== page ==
Nikolay Tsiskaridze to Create His Version of The Nutcracker
Pyotr Tchaikovsky’s The Nutcracker is a world-class gem of music theatre. In the 130 years since its creation, the ballet has been reinvented countless times. The composer has managed to capture the touching inner musings of a child through his vivacious, imaginative score, which has been inspiring choreographers to stage more and more productions in a wealth of different styles. But out of them all, Vasili Vainonen’s 1934 rendition is considered the ballet canon. It is this version that has been the highlight of Yacobson Ballet’s playbill for the past few decades. This year, however, our art director Andrian Fadeev has invited Nikolay Tsiskaridze, People’s Artist of Russia and Rector of the Vaganova Russian Ballet Academy, to breathe a new life into this show.
Andrian Fadeev, Honoured Artist of Russia and art director of the Leonid Yacobson Ballet Theatre: ‘Early this December, our theatre is having a première: The Nutcracker, edited by Nikolay Tsiskaridze. During his time as a Bolshoi Theatre principal, Mr. Tsiskaridze was recognised around the world as the best performer to play the Nutcracker Prince; and today, he heads the Vaganova Russian Ballet Academy. Who else, if not him, can create a genuine new classic about the magical world of festive fantasy? Our theatre is honoured and fortunate to work with a Master of his calibre. And we are hoping that our Nutcracker will delight the St. Petersburg public as a fairy-tale gift during the holiday season!’
Nikolay Tsiskaridze, Bolshoi Theatre principal, People’s Artist of Russia, Rector of the Vaganova Russian Ballet Academy, choreographer and production manager: ‘We are obviously making a show that you can watch with your whole family, but my main goal for this production is to ensure that it will have kids falling in love with ballet for the rest of their life. The Nutcracker needs to radiate kindness, beauty, and charm. This is what Vasili Vainonen’s choreography is all about. He built his show upon the foundation laid down by Lev Ivanov, who had staged The Nutcracker all the way back during Tchaikovsky’s lifetime. And, just as importantly, his choreography respects the traditions of Russian drama, which are what makes Russian theatre so special.’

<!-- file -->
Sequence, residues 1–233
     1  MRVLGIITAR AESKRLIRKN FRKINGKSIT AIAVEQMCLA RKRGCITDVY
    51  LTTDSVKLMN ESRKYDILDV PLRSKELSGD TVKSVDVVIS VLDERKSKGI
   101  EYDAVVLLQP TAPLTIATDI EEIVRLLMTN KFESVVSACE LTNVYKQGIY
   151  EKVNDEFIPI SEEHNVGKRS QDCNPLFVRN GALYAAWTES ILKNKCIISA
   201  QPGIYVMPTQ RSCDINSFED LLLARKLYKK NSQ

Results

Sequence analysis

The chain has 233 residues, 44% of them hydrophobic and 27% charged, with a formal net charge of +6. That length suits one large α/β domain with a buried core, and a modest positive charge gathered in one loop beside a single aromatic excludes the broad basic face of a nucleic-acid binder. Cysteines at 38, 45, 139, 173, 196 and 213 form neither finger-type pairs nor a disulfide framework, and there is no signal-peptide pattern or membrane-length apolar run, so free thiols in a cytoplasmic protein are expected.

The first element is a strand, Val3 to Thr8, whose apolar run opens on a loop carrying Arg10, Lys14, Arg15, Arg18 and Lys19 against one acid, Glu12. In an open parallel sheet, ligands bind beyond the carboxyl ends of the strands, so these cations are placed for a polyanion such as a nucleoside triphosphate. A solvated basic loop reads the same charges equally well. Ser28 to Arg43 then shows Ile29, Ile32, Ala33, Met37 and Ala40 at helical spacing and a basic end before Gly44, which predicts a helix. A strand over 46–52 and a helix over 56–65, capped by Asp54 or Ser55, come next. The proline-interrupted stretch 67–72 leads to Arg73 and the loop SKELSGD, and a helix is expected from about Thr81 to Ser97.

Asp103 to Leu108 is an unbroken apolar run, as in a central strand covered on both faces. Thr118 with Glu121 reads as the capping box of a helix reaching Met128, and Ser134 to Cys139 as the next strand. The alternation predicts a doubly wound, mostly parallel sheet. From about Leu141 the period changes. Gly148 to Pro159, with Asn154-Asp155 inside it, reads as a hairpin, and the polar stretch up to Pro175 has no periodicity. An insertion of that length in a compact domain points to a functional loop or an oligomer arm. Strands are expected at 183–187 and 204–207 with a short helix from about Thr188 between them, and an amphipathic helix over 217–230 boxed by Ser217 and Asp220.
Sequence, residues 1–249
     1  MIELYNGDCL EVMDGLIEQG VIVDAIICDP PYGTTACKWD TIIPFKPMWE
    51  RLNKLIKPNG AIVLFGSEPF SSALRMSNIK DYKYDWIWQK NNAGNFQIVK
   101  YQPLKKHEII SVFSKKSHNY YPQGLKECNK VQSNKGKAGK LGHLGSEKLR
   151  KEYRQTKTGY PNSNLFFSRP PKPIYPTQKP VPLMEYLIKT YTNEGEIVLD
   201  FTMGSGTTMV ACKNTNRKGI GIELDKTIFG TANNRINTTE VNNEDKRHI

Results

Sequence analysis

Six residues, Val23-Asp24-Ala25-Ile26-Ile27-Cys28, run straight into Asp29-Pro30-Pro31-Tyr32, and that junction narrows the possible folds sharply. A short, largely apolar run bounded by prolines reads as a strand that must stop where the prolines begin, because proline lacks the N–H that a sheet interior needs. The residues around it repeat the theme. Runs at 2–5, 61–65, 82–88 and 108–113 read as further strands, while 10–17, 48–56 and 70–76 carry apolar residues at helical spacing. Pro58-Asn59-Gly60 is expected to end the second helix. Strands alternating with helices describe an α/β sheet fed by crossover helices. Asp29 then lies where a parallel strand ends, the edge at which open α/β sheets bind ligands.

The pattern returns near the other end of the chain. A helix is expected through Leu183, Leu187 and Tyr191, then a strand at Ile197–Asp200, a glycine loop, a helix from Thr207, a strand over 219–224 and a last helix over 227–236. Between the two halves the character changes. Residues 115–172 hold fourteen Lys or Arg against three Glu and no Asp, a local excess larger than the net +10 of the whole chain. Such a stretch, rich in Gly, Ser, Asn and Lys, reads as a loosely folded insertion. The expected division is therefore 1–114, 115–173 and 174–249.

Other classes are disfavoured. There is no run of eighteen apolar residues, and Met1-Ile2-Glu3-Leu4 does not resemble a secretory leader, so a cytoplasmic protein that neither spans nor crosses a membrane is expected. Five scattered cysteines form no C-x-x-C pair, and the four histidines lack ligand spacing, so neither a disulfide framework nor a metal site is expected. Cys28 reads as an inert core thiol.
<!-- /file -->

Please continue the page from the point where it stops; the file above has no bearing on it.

Tatiana Noginova, costume designer: ‘For our show’s aesthetic, the choreographer chose Biedermeier, a period of prosperity in the history of Austria, lasting from 1815 to 1840. Which is why I drew a lot of inspiration from the era’s paintings and graphic art while sketching costumes for the show. Portraits of aristocrats, done by the great romanticist painter Karl Bryullov, were a major influence as well. And since The Nutcracker is a Christmas story, I have had to craft something that would make children believe in winter magic. On the one hand, it’s not too complicated. Children’s imagination is not tethered by conventions, they think outside the box because no-one has told them that the box exists yet: as they play, a matchbox can become a car, a salt shaker on the table can become a little soldier, and a paper napkin can become a fantastical dress for a doll. I let this wonderful talent inspire me. But it’s important to bear in mind that, if you truly want children to believe in your magic, you have to work very hard, sincerely, thoughtfully, deeply; you have to pour your whole heart out.’
Pyotr Okunev, set designer: ‘Our Nutcracker has an eclectic aesthetic. I grew up in the world of theatre, so Simon Virsaladze’s scenery for St. Petersburg and Moscow shows has been imprinted upon my mind since childhood. Of course, all the animated and feature film adaptations of this show have also had their influence, one way or another. But we have to talk to our audience in a modern language, so we turn not only to tradition, but also to the currently relevant trends. I am creating the set alongside video editor Vadim Dulenko, who will be using media technology to sprinkle even more magic into the ballet backdrops.’